A Mixed Report Card

Fewer American Indians and Alaska Natives are pursuing STEM degrees, according a new federal report, but more are employed in STEM-related fields.

By Melanie Lenart

Native Science Report file photo.

The number of American Indians and Alaskan Natives receiving degrees in higher education slipped between 2011 and 2020, according to a report released last week by the National Science Foundation and the National Center for Science and Engineering Statistics.

American Indians and Alaskan Natives comprise about 0.9 percent of the 18- to 34-year-old US population, and a similar proportion of associate degree recipients. However, they make up only 0.4 percent of those receiving bachelor’s, master’s and doctorate degrees—less than half of what might be expected based on population share.

  • At 930, the number of associate degrees awarded to American Indian or Alaska Natives in 2020 was lower than the 1,051 awarded in 2011.
  • The number of bachelor’s degrees awarded to the American Indian or Alaska Native population dropped by 22 percent from 2011 to 2020. While AIAN represented 0.7 percent of overall bachelor degrees recipients in agricultural and biological sciences in 2011, they represented only 0.4 percent of degrees in 2020. Similar declines held for the other fields: mathematics and computer sciences; physical and earth sciences; social and behavioral sciences; and engineering.
  • Declines also occurred at the master’s and doctoral levels. American Indian or Alaska Natives received only 0.4 percent of science and engineering bachelor’ master’s, and doctoral degrees in 2020. In 2021, this population accounted for 0.4 percent of graduate students across all science and engineering fields.

Even as the number of degree recipients slipped, potentially related to the Covid pandemic, the number of American Indian and Alaskan Native workers in STEM fields roughly doubled between 2011 and 2021, from about 0.1 million to 0.2 million. The 216,000 Native workers in STEM fields in 2021 represented an increase from 0.4 percent overall in 2011 to 0.6 percent overall in 2021.

Overall, about 35 million people worked in STEM occupations in 2021, up from 29 million in 2011. This represents nearly a quarter (24%) of the 146 million people ages 18 to 74 in the U.S. workforce. In 2021, a comparable percentage (22%) of employed American Indian or Alaskan Natives worked in STEM or STEM-related occupations.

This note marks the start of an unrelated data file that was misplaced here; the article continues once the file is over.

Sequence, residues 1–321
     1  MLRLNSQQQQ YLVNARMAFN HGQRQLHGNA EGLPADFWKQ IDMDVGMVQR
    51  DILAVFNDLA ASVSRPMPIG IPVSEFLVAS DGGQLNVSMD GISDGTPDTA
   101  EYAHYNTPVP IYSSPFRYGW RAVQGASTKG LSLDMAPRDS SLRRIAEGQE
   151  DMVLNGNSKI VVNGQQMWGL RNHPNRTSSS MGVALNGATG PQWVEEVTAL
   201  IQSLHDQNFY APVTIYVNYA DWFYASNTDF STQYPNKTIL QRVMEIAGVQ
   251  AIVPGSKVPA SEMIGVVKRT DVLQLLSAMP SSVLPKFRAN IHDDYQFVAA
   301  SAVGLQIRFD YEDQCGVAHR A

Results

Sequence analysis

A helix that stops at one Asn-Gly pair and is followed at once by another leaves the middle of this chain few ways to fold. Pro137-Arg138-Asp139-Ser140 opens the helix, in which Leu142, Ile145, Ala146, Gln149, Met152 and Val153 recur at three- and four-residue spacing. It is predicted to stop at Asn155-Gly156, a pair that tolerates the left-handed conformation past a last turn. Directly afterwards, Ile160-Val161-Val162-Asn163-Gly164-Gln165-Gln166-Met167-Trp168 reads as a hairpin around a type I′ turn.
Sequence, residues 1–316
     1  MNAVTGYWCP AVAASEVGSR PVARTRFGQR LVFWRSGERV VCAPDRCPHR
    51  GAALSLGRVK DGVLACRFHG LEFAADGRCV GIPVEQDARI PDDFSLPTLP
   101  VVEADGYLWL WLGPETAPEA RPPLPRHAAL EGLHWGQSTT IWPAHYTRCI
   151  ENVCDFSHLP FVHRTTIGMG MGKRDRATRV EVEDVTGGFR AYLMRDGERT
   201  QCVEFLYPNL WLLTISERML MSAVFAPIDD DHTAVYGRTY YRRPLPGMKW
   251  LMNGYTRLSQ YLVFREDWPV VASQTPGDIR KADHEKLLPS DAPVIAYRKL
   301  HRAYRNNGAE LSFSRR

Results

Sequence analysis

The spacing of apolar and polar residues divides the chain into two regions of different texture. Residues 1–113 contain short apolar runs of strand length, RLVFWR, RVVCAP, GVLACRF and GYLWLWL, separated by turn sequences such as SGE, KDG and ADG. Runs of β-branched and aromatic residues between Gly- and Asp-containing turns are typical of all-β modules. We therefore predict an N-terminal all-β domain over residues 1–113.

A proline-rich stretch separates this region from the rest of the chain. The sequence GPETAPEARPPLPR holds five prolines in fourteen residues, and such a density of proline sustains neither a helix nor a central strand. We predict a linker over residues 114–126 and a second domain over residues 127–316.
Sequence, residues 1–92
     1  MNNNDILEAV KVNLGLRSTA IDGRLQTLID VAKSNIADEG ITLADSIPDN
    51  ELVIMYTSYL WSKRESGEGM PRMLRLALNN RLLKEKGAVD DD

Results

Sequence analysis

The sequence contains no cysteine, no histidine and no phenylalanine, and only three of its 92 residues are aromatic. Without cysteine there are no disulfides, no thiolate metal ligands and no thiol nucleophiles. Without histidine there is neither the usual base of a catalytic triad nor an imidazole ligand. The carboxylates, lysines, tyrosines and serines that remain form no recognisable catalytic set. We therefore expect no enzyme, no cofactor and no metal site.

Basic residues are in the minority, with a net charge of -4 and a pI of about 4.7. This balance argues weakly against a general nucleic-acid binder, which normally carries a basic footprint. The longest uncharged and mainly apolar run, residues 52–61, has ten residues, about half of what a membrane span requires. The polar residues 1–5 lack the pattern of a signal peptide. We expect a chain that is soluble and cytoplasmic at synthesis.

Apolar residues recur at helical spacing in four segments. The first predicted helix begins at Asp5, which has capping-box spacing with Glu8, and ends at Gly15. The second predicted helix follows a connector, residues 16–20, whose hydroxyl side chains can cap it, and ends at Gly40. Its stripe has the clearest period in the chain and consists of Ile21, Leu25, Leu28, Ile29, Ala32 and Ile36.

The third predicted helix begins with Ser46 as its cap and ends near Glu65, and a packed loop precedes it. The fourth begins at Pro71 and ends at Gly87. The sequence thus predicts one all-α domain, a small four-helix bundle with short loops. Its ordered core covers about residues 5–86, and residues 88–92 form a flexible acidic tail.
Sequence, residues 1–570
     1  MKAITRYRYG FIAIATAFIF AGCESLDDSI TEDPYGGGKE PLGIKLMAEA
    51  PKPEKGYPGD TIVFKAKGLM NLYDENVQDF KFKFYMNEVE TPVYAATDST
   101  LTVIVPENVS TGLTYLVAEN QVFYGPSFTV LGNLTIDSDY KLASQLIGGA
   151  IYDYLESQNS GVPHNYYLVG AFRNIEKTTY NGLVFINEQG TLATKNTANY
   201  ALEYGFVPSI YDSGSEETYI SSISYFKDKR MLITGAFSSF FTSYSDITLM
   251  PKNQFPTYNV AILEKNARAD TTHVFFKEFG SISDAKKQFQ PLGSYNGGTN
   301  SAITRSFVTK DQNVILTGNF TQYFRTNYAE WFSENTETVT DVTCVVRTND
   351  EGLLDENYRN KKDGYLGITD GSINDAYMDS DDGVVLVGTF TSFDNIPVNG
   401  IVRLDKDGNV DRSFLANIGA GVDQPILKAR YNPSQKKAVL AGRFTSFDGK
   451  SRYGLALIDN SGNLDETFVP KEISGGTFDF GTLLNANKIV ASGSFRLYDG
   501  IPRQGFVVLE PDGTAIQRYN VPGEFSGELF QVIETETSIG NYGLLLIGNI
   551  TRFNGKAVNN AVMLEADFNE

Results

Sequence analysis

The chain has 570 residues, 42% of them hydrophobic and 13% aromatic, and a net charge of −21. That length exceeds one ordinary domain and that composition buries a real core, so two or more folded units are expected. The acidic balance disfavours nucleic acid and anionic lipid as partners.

This move into STEM fields makes a difference in income. The American Indian and Native Alaskan population STEM workers earned a median annual income of about $49,520, compared to $35,860 for their non-STEM counterparts. There was not enough data to break down the income differences between these two groups:

  • STEM fields requiring a bachelor’s degree or more, such as engineers, software developers, physicians, registered nurses, industrial production managers, and farmers, ranchers, and other agricultural managers.
  • STEM-related occupations that do not necessarily require a bachelor’s degree. These include health care workers, licensed nurses, pharmacy technicians, carpenters, electricians, computer support specialists, industrial engineers, and science and engineering managers, pre-college teachers and technicians.

The mandated report on Diversity in STEM takes a snapshot of degrees and employment for the year, either 2020 or 2021 depending on data used, and compares it to comparable data from the previous decade, in this case 2011. Click here for more details on the surveys and census data used to compile this report.

Melanie Lenart is a regular contributor to Native Science Report

Story published February 28, 2023

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